- The Washington Times - Tuesday, January 6, 2004

Homeland Security officials yesterday announced the development of antimissile technology for commercial aircraft but said it will take $122 million and at least two years to implement.

A six-month first phase of the project will determine whether the concept is viable and can protect against the threat of Man-Portable Air Defense Systems, said Charles McQueary, the Homeland Security Department’s undersecretary for science and technology.

BAE Systems, Northrup Grumman and United Airlines are negotiating with federal officials for $2 million each in the first phase to redesign existing military technology for commercial planes.

“At the end of the first phase, we will determine if it is appropriate to proceed to the second phase of prototype and testing,” Mr. McQueary said in a conference call with reporters.

After 12 to 18 months, the department will make a final recommendation to Congress and the White House. Officials called this an “extraordinarily aggressive” timetable to engineer the technology.

Several technological alternatives have been proposed to defend against missile attacks, including flares and infrared jamming systems, but officials declined to elaborate on which system is most likely to be developed for commercial use.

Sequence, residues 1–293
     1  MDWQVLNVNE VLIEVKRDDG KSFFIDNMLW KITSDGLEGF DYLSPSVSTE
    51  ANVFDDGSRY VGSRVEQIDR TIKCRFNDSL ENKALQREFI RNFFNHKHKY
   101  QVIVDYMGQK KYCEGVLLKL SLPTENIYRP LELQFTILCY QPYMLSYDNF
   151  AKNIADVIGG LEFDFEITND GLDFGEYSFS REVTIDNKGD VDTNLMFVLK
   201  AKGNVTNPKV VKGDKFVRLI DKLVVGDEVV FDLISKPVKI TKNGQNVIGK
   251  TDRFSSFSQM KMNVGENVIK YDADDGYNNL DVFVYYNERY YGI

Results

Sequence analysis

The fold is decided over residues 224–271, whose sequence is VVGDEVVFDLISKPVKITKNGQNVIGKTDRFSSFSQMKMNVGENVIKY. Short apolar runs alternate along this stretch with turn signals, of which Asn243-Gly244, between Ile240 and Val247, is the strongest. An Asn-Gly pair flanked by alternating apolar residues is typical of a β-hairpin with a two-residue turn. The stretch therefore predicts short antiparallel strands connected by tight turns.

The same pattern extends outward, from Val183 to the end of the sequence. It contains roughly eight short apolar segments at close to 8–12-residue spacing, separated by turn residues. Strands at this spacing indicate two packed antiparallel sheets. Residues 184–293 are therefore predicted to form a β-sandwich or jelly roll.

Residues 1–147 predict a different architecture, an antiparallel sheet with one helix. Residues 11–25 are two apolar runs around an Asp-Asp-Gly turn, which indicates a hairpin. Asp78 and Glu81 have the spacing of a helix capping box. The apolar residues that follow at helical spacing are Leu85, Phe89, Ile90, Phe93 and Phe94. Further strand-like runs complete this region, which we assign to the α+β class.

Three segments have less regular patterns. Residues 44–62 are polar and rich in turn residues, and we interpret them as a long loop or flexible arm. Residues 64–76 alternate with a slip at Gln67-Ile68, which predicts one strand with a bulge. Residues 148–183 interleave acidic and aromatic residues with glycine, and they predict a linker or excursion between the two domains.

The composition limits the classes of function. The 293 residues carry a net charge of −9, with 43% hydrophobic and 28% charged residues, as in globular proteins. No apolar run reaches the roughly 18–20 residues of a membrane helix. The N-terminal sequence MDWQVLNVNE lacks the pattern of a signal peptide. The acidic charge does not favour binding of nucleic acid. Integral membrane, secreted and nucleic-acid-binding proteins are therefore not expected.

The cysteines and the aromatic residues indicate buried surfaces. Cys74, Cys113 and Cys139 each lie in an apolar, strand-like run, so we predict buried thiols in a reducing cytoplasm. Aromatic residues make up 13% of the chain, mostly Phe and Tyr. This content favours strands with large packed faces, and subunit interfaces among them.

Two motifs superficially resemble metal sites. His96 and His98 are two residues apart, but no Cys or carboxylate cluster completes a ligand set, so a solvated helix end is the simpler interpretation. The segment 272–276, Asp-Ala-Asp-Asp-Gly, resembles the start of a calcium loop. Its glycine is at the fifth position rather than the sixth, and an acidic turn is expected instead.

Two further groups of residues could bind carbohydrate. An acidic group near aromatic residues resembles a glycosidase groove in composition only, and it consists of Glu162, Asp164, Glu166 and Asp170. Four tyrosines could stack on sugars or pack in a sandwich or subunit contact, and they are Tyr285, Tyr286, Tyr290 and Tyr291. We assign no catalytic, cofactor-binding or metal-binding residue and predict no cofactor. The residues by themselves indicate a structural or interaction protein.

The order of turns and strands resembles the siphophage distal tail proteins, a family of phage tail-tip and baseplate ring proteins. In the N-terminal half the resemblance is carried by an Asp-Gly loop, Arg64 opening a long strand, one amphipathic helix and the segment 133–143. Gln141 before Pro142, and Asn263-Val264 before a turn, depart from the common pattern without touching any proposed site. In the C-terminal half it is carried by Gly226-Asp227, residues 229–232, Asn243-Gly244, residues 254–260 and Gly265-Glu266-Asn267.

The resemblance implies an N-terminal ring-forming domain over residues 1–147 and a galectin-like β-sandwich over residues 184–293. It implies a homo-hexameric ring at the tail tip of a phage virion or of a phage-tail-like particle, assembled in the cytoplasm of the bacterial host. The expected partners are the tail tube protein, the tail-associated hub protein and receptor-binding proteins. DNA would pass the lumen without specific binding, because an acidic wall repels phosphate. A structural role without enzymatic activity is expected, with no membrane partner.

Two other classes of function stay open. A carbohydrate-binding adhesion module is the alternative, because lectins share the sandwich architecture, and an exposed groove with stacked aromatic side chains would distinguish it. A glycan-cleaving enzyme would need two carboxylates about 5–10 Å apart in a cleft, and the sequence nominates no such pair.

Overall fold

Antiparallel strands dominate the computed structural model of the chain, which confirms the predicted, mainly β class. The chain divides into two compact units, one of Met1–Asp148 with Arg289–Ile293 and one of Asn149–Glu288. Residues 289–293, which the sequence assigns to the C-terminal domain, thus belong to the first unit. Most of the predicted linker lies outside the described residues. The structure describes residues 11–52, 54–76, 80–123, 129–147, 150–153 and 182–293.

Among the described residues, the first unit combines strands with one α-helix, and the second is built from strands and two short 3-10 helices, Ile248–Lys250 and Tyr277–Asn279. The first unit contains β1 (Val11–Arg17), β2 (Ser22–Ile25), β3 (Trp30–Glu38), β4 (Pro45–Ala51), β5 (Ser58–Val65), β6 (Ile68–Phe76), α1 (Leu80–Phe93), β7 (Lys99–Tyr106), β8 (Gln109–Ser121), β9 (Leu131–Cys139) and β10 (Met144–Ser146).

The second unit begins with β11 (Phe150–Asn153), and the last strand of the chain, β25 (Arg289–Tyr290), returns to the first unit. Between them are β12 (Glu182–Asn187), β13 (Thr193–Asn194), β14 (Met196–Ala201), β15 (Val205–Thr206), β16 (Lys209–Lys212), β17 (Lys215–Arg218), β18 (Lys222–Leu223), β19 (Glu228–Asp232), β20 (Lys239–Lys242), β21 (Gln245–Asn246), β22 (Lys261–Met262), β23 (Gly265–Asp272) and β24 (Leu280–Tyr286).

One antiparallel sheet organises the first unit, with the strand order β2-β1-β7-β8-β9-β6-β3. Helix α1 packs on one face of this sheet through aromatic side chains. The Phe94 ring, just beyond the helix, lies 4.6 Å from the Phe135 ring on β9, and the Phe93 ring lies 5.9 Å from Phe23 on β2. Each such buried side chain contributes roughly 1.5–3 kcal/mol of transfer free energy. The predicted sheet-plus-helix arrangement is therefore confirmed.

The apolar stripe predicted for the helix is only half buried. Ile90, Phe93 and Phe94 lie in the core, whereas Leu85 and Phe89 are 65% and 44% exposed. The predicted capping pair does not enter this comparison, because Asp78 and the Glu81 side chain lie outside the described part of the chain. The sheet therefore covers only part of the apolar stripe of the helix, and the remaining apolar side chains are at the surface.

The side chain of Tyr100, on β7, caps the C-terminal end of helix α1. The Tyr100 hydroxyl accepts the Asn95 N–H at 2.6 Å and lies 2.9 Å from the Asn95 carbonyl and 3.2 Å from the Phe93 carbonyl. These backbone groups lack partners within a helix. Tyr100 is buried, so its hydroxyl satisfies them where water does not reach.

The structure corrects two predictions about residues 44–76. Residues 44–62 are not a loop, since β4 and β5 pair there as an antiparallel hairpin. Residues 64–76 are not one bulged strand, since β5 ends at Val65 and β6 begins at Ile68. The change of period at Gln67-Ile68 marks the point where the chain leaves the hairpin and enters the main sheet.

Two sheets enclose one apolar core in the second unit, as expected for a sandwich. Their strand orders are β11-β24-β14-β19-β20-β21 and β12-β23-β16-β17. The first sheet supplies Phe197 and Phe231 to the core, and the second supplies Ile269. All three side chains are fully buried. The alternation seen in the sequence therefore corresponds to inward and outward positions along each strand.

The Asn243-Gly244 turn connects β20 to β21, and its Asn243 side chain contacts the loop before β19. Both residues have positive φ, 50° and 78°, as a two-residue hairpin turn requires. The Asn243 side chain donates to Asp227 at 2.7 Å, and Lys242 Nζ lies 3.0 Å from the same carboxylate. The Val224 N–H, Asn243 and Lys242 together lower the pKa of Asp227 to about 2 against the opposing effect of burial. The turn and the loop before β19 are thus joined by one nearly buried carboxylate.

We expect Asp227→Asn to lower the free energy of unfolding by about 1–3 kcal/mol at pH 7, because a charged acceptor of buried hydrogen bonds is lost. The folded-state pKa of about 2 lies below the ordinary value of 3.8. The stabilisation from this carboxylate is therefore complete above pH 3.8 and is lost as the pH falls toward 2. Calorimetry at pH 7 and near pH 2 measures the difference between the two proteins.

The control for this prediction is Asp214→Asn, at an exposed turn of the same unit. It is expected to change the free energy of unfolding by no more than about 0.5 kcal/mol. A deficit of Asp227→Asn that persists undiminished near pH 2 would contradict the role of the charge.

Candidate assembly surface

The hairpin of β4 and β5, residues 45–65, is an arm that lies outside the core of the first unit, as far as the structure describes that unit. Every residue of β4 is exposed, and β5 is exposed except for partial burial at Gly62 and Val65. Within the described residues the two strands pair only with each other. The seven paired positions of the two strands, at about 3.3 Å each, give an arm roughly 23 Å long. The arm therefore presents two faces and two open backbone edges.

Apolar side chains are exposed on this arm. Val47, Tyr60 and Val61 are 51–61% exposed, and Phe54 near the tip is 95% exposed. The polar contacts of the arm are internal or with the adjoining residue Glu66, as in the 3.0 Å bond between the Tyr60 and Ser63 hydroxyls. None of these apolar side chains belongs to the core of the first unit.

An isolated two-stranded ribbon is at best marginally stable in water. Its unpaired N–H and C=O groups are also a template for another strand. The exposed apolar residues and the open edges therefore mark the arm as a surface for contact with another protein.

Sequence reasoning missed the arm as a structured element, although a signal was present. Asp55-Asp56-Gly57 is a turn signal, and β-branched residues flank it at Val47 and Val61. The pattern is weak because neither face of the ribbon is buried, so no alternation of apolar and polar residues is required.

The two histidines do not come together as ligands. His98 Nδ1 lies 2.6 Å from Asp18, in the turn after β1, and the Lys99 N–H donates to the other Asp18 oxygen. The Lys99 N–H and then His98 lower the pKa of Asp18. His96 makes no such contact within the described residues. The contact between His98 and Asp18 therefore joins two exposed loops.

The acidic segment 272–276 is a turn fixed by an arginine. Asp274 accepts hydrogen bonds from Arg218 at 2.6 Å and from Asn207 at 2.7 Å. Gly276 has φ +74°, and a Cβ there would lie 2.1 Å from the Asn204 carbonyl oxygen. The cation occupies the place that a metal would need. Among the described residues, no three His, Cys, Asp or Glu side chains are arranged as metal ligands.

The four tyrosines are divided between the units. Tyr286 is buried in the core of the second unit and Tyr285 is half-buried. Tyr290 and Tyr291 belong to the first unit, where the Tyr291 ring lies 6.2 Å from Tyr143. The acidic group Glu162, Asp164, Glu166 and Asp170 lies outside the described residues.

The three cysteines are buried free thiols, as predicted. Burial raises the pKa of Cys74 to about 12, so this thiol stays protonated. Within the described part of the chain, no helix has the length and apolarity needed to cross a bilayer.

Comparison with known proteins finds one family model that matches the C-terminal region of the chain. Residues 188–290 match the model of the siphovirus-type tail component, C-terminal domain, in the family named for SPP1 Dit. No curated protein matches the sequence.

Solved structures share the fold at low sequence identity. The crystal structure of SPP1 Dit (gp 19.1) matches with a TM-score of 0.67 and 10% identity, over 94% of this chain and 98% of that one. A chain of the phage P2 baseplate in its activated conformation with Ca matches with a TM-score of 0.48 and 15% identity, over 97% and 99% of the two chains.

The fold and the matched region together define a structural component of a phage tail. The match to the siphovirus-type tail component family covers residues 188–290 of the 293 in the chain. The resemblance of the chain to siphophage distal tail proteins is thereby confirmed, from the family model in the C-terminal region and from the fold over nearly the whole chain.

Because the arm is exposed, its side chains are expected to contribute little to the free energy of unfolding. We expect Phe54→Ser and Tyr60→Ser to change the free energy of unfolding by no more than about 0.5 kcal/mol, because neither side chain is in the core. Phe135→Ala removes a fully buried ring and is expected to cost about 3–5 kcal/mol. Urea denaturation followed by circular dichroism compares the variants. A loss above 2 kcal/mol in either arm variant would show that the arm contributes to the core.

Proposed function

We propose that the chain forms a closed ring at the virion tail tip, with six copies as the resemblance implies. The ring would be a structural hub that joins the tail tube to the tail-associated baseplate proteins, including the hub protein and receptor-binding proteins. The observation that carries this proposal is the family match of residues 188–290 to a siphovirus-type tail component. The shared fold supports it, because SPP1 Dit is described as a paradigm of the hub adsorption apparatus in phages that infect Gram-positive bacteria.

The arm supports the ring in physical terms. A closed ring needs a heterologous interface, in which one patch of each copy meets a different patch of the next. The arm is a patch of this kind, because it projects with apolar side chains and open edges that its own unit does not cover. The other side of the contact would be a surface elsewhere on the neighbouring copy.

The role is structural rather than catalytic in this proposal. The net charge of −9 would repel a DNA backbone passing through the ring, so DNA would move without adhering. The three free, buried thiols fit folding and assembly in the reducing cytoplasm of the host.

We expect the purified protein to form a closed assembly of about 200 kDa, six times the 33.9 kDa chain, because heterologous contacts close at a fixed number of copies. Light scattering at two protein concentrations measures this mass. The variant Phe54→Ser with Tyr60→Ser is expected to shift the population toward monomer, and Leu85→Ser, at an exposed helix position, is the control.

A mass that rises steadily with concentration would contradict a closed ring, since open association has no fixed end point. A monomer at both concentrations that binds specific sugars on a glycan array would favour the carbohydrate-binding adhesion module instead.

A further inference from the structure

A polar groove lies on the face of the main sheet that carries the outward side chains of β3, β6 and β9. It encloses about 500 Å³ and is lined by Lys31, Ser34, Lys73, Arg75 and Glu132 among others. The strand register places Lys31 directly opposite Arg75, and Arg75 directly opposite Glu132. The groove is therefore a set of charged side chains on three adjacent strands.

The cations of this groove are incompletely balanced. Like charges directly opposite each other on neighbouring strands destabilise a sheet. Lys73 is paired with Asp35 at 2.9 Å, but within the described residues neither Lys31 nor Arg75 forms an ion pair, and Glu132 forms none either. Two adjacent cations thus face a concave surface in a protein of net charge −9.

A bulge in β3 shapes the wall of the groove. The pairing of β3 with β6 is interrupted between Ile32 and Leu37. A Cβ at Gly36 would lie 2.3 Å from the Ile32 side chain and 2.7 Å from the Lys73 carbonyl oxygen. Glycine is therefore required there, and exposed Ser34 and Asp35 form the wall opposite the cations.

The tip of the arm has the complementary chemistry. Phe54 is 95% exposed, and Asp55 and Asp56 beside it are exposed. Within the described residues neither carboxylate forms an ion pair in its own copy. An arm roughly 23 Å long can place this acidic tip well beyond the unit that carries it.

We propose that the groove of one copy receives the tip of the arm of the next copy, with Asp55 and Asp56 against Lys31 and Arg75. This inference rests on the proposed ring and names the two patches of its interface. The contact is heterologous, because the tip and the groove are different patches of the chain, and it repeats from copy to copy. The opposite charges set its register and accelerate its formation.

“There is no single solution to thwart the threat,” Mr. McQueary said.

The timing of the announcement, as the country remains on high alert for a terrorist attack, “does not reflect particular concern,” said Asa Hutchison, the Homeland Security Department’s undersecretary for border transportation security.

One option is a pyrotechnic flare that burns a chemical compound designed to emit infrared energy to deflect missiles away from aircraft. Close to the ground, however, these devices can ignite fires. The risk of missile attack to aircraft is highest during takeoff and landing, officials said.

Another option is a pyrophoric flare that does not burn so hot and more closely matches the signature of the missile.

Lasers can be mounted on planes to jam missile seekers, but all of these options “come with issues attached to them,” said Penrose Albright, assistant secretary of homeland security.

“The idea is to make the missile miss the aircraft. But the whole idea that we can just flip a switch … this is an extraordinarily difficult problem,” Mr. Albright said.

Officials said any estimated cost of equipping the 6,800 jets in the U.S. commercial fleet would be premature. Antimissile technology would include hardware, maintenance, training and ground-support costs.

One missile-jamming system, Directed InfraRed CounterMeasure, is cost-prohibitive at $5 billion to $10 billion a year to operate.

Asked if airlines will be forced to install the technology, Mr. Albright said, “We don’t have any facts right now and will spend the next two years getting facts. It’s the wrong thing to speculate what we might do in terms of regulation until we get the facts on the table.”

Some airline pilots have opposed additional security measures, including handguns.

Calls to airline associations yesterday to gauge reaction to the new technology, including the Airline Pilots Association, were not returned.

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